Keywords

Exercise, Job satisfaction, Job stress, Physical fitness, Stress (Psychology)

Abstract

Stress in organizations is a critical phenomenon of our times. Research to date has focused on specific job-related stressors such as role conflict, ambiguity and supervisory relationships utilizing satisfaction and performance as outcome variables. Results have often been ambiguous and non-conclusive. However, a variety of common physiological responses have been found to play a major role ins tress reaction and management. Furthermore, numerous studies have demonstrated a moderating effect of exercise on physiological stress responses. This correlational study, based on a hypothetical Interactive Process Model of Stress Correlates, where fitness is the measure of stress, proposed to link stress-related variables with job satisfaction and performance. It was hypothesizd that a positive relationship between fitness and performance/satisfaction would emerge. However, analyses of date from sixty-four engineers at a major corporation in Orlando, Florida, found no such relationships. Presented here are a review of pertinent literature, study results and examination of why a relationship between fitness and performance/satisfaction may not be a straightforward as predicted.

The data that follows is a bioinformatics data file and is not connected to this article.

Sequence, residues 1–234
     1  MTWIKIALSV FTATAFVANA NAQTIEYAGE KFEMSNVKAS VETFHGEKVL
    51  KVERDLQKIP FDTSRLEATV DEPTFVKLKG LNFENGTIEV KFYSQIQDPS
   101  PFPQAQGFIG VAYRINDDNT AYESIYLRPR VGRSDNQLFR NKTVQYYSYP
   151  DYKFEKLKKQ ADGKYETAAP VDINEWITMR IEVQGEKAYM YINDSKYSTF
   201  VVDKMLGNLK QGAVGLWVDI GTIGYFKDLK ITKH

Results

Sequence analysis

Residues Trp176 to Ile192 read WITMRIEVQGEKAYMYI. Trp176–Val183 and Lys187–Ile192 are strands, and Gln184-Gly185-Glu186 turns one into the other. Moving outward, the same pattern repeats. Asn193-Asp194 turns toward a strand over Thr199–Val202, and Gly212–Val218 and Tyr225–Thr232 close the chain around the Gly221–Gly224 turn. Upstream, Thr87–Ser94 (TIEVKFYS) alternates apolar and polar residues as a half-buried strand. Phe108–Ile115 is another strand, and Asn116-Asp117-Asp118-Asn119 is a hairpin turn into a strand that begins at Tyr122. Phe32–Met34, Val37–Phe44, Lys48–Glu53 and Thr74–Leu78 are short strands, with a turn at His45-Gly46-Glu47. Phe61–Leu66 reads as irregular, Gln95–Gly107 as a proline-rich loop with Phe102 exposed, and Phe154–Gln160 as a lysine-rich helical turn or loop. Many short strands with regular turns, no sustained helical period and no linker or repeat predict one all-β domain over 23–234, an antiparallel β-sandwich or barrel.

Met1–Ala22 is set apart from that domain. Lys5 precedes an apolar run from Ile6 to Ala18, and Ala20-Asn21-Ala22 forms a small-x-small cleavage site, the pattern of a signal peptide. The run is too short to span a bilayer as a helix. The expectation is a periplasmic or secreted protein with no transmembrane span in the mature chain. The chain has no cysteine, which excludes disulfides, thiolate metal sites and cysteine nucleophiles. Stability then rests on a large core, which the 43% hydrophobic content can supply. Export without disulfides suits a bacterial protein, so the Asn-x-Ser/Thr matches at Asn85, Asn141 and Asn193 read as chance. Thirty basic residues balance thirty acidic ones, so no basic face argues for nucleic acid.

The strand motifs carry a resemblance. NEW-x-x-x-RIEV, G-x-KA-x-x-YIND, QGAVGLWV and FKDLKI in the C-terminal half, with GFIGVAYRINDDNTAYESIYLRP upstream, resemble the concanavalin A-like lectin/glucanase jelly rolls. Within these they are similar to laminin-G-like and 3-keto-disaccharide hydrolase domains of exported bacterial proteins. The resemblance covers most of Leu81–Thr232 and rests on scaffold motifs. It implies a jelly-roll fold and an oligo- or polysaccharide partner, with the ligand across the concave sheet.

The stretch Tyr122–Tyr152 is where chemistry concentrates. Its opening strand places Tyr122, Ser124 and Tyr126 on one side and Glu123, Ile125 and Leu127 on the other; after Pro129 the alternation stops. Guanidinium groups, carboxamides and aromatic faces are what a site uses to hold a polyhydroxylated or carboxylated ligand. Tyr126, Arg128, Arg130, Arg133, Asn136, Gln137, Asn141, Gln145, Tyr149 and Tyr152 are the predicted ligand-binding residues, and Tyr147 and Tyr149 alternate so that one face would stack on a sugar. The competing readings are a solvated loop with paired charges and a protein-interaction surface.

Graduation Date

1986

Semester

Spring

Advisor

Abbott, David W.

Degree

Master of Science (M.S.)

College

College of Arts and Sciences

Department

Psychology

Degree Program

Industrial/Organizational Psychology

Format

PDF

Pages

54 p.

Language

English

Rights

Public Domain

Length of Campus-only Access

None

Access Status

Masters Thesis (Open Access)

Identifier

DP0019489

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